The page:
Last weekend, Mayor Rahm Emanuel, city officials, and the guy who greased the skids on a $98 million federal construction loan, former U.S. transportation secretary Ray LaHood, celebrated the completion of the third and so far final phase of the Chicago Riverwalk.
“We have reclaimed this space to transform the river into Chicago’s next great recreational frontier,” the mayor said, according to a statement released by his office.
Then construction resumed. Maybe it’ll be done next month. In the meantime, however, the Riverwalk is walkable.
I went on Thursday, a cold, gray day with a damp, bone-chilling wind. I didn’t have to worry about crowds.
Here’s the really great thing about the Riverwalk: You can stroll along the south side of the Chicago River from the lakefront to Wolf Point (at the confluence of the North and South branches of the river), without having to surface at street level.
That’s sweet, because it used to be that for every horizontal block you were able to walk along Wacker Drive, you’d have to climb straight up a vertiginous staircase, cross a densely trafficked street, and then descend another staircase. I never counted, but it seemed like 100 steps each way.
Now you can just descend, as I did at Wacker and LaSalle, and roll right along.
The new section of the Riverwalk is three blocks long (the whole roughly $100 million project is six blocks). Each block—or “room,” as the city has deemed them—has its own entirely forgettable name and identity.
The first room, from LaSalle to Wells Street, is the Water Plaza—a splash pool and multi-stream fountain, where, according to the mayor’s office, children and families can “engage with water at the river’s edge.”
Does that strike you as just a little redundant? Bringing water to the river? I thought so, but there are two very important reasons why it’s not: First, there’s a rule that every single new public space, no matter where it’s located, must have it’s own splash pool and interactive fountain. Then there’s the other reason: despite improvement, the Chicago River is still really, disturbingly polluted, and you never, ever want your darlings to put their toes in it.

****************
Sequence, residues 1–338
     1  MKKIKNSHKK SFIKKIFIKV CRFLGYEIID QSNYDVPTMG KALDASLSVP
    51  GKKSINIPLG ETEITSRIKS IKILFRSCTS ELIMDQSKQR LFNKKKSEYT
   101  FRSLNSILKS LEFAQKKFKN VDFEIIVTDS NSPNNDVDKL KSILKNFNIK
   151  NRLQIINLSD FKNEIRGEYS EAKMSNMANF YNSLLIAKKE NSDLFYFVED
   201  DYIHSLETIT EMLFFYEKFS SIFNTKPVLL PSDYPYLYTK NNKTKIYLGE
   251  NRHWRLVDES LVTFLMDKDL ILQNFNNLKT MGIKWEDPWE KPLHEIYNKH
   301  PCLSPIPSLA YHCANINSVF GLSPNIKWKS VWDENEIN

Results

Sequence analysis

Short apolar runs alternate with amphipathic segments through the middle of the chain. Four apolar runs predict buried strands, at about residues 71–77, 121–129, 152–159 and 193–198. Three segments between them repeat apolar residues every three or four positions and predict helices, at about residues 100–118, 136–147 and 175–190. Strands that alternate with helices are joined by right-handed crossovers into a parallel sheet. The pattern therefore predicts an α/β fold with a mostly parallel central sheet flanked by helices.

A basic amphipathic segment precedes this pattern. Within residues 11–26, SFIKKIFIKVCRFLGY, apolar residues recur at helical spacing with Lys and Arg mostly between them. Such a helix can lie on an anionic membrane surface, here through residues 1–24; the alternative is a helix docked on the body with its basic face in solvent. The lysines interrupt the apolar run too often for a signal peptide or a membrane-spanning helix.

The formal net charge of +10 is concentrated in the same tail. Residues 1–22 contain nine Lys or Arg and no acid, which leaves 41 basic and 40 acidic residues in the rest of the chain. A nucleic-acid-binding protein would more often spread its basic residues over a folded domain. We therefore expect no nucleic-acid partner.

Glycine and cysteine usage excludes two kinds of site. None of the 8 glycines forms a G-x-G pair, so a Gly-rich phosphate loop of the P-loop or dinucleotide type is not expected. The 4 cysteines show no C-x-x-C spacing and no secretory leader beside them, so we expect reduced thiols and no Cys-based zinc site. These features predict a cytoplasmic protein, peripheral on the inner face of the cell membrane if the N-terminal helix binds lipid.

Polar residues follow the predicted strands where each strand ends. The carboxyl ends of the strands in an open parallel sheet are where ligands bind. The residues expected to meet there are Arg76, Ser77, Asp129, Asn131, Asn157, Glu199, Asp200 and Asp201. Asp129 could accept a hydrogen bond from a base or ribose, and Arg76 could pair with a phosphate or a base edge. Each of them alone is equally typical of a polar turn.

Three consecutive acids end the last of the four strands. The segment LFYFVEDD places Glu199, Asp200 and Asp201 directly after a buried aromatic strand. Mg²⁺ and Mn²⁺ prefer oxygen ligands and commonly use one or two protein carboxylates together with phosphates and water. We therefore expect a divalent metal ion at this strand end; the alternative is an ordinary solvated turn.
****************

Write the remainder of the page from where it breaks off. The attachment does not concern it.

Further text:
Which brings me to a subject no one is talking about, but which, like a nasty undercurrent, pervades this project: somebody, probably lots of somebodies, accidentally or otherwise, are going to ignore the splash pool, plop right into the actual river, and need to be hauled out. We don’t talk about it in polite company, but this is why every room on the Riverwalk is now equipped with one of these:
The second new room, between Wells and Franklin, is the Jetty: again, according to the mayor’s office, “a series of piers and floating wetland gardens with interactive learning about the ecology of the river, including opportunities for fishing and identifying native plants.”
I couldn’t identify these forlorn little plants, but I could tell that they were in distress—maybe sea sick from the wave action that had their metal-rimmed floatie boxes incessantly clanging against one another.
The metal posts apparently anchoring the plant rafts are notched at various heights up to five feet. Perhaps to measure the vegetation? Or—wait a minute—water levels? Let’s not go there.
The last of the three new rooms, the Riverbank, between Franklin and Lake Street, was easily my favorite. Never mind that the rear of it backs right up to the roaring traffic of Lower Wacker Drive and is dominated by a zig-zag ramp that looks to be nearly as long the Riverwalk itself. The front has a welcome, curving swath of something we almost never see in this patch of the city: bright green grass.
It also has a fine view across the river of the Merchandise Mart and the Sun-Times building. The latter, where the Reader offices reside, is, for now, only partially obscured by one of the towering new residential buildings going up all along this western leg of the Riverwalk.
I’ve heard that the city intends to put a “destination business,” like a restaurant, in the Riverbank, so this uncluttered, grassy oasis—like the view of the Sun-Times building—might not be around for long.